All I’m trying to do is change our footer from 2017 to 2018 and i dont see the text where to change. I’m terrified of messing up the theme. Is it here? We are using theme THe7

    Reply

  3. Daniel

    March 2, 2018 at 5:39 am

    I cannot find the Codes in the theme header. I was trying to add a piece of code earlier but it failed to update and asked me to use a different method to add the code i.e SFTP.

    I cancelled everything and went back to my website only to find out my Theme has been screwed up. The site now looks like plain text with images the theme is gone from the website. I went back to the theme header section and realised all the code has disappeared. Not a single line of code left.

    I have tried removing the theme and re downloading it but no change
    I have tried all sorts of plugins and editors still nothing.
    I do have jetpack installed but found out i need to pay to have backup so i cant do a roll back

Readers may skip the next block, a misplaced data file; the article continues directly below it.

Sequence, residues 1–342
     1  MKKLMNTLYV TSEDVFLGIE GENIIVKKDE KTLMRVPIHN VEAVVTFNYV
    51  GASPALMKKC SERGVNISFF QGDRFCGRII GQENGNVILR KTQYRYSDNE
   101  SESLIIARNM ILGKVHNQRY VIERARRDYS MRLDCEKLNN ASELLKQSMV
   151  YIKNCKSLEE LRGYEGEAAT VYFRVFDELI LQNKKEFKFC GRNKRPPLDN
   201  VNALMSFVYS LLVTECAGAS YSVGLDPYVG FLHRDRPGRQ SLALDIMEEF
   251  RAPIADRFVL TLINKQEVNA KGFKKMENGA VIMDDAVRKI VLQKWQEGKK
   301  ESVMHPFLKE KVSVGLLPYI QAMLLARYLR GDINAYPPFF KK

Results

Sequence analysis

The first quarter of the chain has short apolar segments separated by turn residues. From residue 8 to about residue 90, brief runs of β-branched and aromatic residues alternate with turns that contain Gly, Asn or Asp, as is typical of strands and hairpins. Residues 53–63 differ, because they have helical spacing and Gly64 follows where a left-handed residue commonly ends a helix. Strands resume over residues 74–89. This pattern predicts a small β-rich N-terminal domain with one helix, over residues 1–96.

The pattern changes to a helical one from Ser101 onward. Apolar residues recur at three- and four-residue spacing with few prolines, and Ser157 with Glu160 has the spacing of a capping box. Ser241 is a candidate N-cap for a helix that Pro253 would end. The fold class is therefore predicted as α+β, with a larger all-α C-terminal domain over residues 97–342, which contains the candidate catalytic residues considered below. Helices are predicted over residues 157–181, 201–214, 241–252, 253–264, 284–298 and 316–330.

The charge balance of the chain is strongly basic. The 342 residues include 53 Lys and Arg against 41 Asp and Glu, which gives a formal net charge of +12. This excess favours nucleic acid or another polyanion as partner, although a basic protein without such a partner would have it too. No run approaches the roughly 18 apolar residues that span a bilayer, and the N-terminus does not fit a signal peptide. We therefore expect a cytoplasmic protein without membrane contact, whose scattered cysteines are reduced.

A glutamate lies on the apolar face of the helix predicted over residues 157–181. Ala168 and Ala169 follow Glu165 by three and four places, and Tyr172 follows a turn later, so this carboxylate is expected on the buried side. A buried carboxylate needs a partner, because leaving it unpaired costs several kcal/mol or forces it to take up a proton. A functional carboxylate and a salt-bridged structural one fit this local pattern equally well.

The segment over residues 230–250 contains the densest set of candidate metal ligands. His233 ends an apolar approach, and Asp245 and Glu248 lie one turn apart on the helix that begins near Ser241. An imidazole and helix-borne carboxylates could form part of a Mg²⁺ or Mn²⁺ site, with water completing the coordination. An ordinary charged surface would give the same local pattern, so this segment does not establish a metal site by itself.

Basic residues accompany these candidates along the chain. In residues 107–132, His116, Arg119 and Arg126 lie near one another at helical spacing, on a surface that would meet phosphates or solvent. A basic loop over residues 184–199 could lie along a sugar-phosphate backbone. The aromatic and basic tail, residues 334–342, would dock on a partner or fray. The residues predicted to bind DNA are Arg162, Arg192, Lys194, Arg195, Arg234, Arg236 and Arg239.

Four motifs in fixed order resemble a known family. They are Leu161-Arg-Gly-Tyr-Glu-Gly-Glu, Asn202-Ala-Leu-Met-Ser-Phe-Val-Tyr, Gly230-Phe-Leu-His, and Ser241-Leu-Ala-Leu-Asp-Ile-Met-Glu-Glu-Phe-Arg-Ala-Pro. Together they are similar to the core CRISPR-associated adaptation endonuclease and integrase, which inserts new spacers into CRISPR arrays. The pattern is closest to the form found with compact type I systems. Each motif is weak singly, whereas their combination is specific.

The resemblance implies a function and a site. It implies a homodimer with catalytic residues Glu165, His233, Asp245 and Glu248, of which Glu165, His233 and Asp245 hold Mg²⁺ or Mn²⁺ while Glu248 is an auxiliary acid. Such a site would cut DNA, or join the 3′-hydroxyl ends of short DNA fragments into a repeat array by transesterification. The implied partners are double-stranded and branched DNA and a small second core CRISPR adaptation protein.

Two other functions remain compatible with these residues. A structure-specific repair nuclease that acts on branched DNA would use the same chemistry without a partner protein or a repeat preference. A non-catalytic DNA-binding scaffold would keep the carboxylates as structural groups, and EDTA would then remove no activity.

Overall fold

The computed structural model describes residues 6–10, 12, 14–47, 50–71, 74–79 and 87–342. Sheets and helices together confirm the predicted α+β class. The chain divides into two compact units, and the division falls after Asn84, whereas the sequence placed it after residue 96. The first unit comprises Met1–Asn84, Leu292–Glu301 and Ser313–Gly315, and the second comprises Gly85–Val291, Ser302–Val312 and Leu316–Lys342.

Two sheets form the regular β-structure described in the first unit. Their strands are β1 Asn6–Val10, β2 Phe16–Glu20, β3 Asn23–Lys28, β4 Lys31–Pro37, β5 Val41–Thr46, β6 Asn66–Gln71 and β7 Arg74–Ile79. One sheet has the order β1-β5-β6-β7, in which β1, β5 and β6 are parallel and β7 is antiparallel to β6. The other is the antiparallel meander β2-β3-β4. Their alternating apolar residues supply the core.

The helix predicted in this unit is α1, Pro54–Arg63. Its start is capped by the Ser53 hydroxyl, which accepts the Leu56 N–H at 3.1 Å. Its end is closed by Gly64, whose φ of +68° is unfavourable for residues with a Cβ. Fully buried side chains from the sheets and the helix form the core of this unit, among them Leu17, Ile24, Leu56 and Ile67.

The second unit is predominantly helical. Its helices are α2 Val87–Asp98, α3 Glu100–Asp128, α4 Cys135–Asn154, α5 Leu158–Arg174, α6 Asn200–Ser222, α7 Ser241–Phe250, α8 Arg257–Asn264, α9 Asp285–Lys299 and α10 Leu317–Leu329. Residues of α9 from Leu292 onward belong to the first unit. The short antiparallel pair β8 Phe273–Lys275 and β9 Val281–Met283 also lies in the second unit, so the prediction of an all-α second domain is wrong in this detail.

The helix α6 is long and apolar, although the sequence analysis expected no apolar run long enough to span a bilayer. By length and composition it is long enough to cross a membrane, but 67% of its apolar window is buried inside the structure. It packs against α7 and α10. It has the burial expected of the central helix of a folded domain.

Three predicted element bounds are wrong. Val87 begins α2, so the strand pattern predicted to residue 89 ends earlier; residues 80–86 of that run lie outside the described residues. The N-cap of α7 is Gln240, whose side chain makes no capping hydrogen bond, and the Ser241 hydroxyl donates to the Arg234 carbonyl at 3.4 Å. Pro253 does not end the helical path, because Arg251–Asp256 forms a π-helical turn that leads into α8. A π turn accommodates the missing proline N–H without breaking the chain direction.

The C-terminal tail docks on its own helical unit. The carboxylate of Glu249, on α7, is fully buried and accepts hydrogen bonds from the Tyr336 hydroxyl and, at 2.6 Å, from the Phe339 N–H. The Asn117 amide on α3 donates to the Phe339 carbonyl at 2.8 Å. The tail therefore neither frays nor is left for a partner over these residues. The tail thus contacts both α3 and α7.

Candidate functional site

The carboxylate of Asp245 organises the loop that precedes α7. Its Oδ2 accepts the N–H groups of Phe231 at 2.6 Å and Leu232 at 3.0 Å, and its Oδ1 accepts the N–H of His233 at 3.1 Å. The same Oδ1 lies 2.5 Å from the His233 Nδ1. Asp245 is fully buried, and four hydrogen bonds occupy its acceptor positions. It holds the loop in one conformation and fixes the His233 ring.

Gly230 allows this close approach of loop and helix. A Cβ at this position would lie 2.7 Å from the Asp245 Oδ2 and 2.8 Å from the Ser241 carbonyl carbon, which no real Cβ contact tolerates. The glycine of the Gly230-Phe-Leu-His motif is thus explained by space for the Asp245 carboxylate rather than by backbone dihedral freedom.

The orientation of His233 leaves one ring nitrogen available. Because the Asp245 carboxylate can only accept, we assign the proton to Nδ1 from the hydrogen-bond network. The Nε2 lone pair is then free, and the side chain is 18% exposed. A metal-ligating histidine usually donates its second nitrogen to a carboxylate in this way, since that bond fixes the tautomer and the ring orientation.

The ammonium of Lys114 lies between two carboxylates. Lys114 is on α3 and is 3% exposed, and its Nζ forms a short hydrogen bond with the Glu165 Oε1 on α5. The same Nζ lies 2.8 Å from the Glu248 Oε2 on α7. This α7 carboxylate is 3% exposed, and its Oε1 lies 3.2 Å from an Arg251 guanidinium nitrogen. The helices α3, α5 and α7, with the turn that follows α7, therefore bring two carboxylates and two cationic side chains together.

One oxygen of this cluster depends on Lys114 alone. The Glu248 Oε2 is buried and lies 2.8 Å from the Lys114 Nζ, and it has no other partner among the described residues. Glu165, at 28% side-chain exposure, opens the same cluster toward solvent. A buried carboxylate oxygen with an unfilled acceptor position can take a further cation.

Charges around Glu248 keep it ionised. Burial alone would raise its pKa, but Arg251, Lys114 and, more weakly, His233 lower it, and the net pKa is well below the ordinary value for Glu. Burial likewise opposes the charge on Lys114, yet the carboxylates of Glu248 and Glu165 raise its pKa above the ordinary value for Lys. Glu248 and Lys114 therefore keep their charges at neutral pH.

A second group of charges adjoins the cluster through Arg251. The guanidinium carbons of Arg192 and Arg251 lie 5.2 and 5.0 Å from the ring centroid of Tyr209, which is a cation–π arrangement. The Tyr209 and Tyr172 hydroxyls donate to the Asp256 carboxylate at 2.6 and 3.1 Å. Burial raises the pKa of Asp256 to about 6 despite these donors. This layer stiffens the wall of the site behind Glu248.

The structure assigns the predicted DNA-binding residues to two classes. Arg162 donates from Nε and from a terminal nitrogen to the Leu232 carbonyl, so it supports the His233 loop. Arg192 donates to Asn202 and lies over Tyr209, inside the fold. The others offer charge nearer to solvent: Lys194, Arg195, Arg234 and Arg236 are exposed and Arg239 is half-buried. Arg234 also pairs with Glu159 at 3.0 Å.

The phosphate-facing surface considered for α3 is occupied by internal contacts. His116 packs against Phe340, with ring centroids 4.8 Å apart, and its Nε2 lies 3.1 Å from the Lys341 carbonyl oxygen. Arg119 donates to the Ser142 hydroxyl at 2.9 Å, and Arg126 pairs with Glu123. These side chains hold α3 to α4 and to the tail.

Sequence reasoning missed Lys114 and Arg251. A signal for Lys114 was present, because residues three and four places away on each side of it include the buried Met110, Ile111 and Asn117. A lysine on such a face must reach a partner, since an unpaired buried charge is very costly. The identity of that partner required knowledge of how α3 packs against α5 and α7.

Is there a way around this issue as my site is live and im desperate to fix this

    Reply

  4. Geoff Jankowski

    March 3, 2018 at 9:19 pm

    Hi Brenda

    I can follow your post but what I am trying to do is reduce the height of the header and footer on my site to reduce the impact they have on each page. I suspect it is more complex that just a simple code insert for the header which has the main menu, secondary menu, search bar and logo image within it.

    The footer looks easier, especially after removing the Powered by WordPress statement. At the moment it is hidden on my site by being the same colour as the background but I will follow your tutorial to get rid of it.

    Appreciate it if you can give me some tips as CSS is not my area of expertise!

    G

    Reply

  5. Geoff Jankowski

    March 3, 2018 at 10:08 pm

    Hi again Brenda.

    I tried to follow your tutorial but immediately got stuck as my footer.phpo file looked nothing like yours and it is not easy for me to see what I need to remove. Here is my footer.php file content:



    Can it still be done in this version of wordpress (4.9.4)?

    Reply

    • Geoff Jankowski

      March 3, 2018 at 10:11 pm

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      • Geoff Jankowski

        March 3, 2018 at 10:12 pm

        It will not let me show the code I am afraid. It does not look as if I can load an image either?

        Let me know how to get it to you. Or, can you get it direct from the theme yourself?

        G

        Reply